Authors: Robert Dilmore
Date: September, 2010

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NETL Petroleum-Based Fuels Life Cycle Greenhouse Gas Analysis 2005 Baseline Model
This is a life cycle greenhouse gas model of petroleum fuels. It is representative of U.S. refinery operations using a mix of domestic and imported crude oil. Refinery energy and emissions are allocated to individual refinery products using the volumetric throughput and hydrogen consumption of key unit operations within a petroleum refinery. Results are calculated in terms of carbon dioxide equivalents (CO2e) per million Btu (MMBtu) of fuel consumed.
Authors: Chris Nichols
Date: November, 2009

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Balancing Climate Change, Energy Security, and Economic Sustainability: A Life Cycle Comparison of Diesel Fuel from Crude Oil and Domestic Coal and Biomass Resources
Brief 4-page summary of the near-term benefits of co-gasifying U.S. coal and biomass resources to produce FT diesel; a domestic transportation fuel. The paper summarizes the climate change, energy security, and economic benefits when compared to conventional diesel fuel production from domestic and imported crude oil.
Authors: Chris Nichols, Tim Skone, Kristin Gerdes, Tom Tarka, John Wimer
Date: April, 2009

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An Evaluation of the Extraction, Transport, and Refining of Imported Crude Oils and the Impact on Life Cycle Greenhouse Gas Emissions
The National Energy Technology Laboratory (NETL) has analyzed the full life cycle greenhouse gas (greenhouse gas) emissions of transportation fuels derived from domestic crude oil and crude oil imported from specific countries. This analysis reveals that producing diesel fuel from imported crude oil results in well-to-tank greenhouse gas (GHG) emissions that are, on average, 59 percent higher than diesel from domestic crude oil (21.4 vs. 13.5 kg CO2e per million Btu on a lower heating value basis). (Results are also presented for gasoline and jet fuel.) Differences among crude oil extraction practices have the greatest affect on the well-to-tank GHG emissions; there is less variation among the results of different scenarios due to refining and transport requirements.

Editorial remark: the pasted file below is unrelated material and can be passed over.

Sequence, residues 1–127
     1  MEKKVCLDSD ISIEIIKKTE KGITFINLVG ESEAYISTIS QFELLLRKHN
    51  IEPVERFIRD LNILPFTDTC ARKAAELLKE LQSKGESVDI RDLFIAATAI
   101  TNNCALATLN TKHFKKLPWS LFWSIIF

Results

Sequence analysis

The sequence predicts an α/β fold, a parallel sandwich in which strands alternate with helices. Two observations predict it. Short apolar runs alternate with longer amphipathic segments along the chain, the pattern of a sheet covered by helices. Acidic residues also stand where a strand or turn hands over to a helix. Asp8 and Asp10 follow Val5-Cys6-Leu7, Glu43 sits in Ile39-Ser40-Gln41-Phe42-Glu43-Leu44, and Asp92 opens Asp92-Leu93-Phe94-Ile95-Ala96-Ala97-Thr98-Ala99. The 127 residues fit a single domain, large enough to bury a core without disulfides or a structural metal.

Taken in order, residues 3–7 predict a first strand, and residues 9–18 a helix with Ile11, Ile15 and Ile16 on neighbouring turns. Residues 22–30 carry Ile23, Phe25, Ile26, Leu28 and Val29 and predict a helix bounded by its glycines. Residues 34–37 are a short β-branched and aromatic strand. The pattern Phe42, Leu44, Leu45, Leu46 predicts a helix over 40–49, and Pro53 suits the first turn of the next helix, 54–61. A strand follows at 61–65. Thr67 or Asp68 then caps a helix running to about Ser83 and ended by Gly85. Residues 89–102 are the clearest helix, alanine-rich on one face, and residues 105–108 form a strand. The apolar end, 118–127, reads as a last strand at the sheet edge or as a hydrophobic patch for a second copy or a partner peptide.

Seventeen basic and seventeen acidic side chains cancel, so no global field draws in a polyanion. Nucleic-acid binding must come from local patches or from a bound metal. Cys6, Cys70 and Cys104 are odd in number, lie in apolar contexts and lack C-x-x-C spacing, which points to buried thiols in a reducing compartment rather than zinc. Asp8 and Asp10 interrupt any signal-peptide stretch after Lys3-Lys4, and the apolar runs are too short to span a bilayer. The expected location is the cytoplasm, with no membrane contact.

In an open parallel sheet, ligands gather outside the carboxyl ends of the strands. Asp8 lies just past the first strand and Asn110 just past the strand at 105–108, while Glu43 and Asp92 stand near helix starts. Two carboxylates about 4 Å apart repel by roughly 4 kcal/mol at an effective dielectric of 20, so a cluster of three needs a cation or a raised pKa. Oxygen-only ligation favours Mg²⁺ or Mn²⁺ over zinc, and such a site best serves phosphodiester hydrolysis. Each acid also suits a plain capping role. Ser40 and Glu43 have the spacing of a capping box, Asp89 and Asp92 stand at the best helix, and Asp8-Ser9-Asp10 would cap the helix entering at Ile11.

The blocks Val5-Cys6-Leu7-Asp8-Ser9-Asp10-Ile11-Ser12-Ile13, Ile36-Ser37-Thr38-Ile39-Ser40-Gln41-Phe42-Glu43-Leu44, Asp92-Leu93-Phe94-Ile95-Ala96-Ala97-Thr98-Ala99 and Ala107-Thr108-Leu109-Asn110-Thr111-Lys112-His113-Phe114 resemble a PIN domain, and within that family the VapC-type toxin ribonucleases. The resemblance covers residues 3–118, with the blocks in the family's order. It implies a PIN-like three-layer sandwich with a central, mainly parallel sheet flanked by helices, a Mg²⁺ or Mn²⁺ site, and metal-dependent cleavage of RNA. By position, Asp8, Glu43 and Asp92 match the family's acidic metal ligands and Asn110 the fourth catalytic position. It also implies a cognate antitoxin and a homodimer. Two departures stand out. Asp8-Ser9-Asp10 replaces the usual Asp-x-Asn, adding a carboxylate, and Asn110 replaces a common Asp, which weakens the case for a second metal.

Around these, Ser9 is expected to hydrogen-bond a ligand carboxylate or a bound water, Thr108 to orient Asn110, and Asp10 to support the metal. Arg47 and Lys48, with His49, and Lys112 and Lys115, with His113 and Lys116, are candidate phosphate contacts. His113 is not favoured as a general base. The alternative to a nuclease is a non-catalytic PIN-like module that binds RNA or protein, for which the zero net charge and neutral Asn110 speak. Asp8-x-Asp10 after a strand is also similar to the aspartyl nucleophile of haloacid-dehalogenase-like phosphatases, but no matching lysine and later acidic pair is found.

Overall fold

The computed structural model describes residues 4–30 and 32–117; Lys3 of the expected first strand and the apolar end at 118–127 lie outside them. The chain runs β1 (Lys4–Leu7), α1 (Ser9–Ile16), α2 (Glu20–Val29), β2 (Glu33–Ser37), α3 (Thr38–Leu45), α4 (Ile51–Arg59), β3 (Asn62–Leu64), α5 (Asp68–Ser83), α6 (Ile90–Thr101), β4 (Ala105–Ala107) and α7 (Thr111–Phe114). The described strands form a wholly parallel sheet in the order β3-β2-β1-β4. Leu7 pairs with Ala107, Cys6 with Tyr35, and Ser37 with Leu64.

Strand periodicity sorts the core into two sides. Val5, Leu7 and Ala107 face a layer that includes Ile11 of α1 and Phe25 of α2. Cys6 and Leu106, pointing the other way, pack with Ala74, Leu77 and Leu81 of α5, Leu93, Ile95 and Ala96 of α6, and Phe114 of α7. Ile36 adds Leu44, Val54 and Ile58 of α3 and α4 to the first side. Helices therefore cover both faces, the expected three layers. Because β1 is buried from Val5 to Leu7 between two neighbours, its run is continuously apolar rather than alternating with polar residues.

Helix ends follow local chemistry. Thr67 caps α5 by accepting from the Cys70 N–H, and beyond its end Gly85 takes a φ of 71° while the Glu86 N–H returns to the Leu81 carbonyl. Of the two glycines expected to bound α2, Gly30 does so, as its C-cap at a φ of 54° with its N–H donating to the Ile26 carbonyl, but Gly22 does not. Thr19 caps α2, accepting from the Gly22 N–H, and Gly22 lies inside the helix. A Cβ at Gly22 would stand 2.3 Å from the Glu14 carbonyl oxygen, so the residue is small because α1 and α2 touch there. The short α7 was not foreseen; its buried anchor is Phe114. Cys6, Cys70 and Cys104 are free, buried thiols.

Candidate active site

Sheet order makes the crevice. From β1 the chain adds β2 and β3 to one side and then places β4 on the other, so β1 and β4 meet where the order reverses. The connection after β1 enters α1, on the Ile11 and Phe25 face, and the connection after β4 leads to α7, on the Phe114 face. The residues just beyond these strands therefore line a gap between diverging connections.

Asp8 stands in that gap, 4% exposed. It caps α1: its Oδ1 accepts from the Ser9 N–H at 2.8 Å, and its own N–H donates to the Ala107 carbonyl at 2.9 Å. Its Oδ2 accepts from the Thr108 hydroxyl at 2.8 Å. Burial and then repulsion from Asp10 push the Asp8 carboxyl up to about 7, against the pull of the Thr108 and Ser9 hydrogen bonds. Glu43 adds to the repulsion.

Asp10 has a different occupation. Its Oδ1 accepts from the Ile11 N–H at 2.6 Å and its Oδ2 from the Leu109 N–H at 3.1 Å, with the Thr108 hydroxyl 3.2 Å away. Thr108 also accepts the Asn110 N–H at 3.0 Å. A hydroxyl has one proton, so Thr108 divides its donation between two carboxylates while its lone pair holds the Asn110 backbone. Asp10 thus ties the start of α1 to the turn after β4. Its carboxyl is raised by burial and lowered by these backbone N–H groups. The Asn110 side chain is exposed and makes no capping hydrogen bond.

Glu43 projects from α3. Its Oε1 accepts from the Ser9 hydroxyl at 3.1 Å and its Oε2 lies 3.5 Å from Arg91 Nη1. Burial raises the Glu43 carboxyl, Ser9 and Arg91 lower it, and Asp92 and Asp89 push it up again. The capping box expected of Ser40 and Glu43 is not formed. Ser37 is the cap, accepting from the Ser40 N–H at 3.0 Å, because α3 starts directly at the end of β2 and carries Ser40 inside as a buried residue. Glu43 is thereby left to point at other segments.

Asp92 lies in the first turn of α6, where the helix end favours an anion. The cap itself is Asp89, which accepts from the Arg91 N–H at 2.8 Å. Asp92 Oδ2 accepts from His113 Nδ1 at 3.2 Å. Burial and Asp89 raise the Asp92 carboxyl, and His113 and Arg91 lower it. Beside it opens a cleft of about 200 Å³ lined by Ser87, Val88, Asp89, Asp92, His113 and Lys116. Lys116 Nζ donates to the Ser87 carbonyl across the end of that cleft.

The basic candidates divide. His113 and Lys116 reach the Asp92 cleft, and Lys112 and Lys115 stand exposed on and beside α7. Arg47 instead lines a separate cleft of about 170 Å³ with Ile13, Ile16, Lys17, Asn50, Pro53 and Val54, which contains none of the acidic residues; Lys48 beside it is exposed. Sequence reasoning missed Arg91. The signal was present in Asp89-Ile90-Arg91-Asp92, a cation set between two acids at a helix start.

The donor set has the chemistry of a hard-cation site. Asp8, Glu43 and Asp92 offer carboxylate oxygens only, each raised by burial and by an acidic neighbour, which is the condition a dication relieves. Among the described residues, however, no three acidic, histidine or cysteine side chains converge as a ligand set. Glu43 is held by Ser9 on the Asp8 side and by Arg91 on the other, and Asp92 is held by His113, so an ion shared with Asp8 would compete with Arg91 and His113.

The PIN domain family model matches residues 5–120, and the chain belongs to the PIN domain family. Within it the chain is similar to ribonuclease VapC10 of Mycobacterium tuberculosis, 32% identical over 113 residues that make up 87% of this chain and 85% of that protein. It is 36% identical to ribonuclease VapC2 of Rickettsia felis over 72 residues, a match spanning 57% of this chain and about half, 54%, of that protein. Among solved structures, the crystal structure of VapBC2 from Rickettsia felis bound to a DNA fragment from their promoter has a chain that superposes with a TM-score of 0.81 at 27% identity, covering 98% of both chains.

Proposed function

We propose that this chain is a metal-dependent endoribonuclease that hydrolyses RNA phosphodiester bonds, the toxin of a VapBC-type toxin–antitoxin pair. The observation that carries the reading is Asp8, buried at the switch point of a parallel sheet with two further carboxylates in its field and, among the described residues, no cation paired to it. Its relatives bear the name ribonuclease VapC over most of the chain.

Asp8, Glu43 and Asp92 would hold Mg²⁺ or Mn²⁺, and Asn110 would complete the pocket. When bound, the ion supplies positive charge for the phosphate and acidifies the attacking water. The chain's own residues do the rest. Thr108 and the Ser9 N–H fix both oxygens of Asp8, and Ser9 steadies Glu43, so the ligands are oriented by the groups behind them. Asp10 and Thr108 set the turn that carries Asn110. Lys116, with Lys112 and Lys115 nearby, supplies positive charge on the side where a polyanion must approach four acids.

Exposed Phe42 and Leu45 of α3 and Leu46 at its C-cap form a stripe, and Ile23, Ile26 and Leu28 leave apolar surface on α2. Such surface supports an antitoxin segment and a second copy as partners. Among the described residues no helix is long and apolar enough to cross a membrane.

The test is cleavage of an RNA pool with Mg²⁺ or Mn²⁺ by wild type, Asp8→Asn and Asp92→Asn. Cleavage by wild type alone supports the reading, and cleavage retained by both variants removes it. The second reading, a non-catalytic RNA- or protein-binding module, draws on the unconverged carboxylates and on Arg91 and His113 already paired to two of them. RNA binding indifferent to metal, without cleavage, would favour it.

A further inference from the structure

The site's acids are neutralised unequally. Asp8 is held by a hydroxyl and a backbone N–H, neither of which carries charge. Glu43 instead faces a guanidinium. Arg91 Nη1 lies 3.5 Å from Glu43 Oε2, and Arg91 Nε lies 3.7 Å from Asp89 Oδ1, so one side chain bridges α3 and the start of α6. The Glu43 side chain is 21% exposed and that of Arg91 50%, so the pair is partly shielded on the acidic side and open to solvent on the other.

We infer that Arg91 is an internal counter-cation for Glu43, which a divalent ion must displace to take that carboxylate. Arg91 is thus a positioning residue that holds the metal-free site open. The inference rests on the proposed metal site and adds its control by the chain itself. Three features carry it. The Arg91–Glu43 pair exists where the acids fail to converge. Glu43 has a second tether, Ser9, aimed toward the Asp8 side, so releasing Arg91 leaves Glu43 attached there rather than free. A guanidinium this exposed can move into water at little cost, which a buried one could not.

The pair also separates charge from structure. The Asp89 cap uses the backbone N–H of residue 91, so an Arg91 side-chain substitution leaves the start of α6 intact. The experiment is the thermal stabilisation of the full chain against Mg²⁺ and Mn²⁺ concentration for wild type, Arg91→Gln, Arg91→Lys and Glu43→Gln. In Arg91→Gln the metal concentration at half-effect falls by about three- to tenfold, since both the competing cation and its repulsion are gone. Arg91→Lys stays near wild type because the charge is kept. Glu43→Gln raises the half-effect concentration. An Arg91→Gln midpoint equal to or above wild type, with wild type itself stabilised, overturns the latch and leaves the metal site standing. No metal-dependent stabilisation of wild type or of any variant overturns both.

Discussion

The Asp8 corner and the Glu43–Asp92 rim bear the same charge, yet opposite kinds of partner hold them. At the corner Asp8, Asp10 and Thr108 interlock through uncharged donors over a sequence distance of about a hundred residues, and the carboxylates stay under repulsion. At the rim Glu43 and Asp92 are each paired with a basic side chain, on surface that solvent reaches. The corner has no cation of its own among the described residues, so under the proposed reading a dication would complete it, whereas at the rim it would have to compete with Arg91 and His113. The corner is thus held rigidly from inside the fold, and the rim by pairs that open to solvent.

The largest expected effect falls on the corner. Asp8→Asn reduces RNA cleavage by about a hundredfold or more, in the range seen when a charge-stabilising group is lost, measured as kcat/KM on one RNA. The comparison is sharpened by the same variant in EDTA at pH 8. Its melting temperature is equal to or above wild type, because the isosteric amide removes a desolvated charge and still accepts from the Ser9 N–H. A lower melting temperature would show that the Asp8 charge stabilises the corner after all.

Authors: Chris Nichols, Tim Skone, Kristin Gerdes
Date: March, 2009

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Development of Baseline Data and Analysis of Greenhouse Gas Emissions of Petroleum-Based Fuels: Report and Model
This analysis shows results from NETL's life cycle greenhouse gas (GHG) model of petroleum-based fuels. It is representative of U.S. refinery operations using a mix of domestic and imported crude oil. Results are expressed in terms of carbon dioxide equivalents (CO2e) per million Btu (MMBtu) of fuel consumed. The total well-to-wheel GHG emissions from gasoline 96.3, 95.0, and 92.9 kg CO2e/MMBtu for gasoline, diesel, and jet fuel, respectively.
Authors: Chris Nichols, Tim Skone, Kristin Gerdes
Date: November, 2008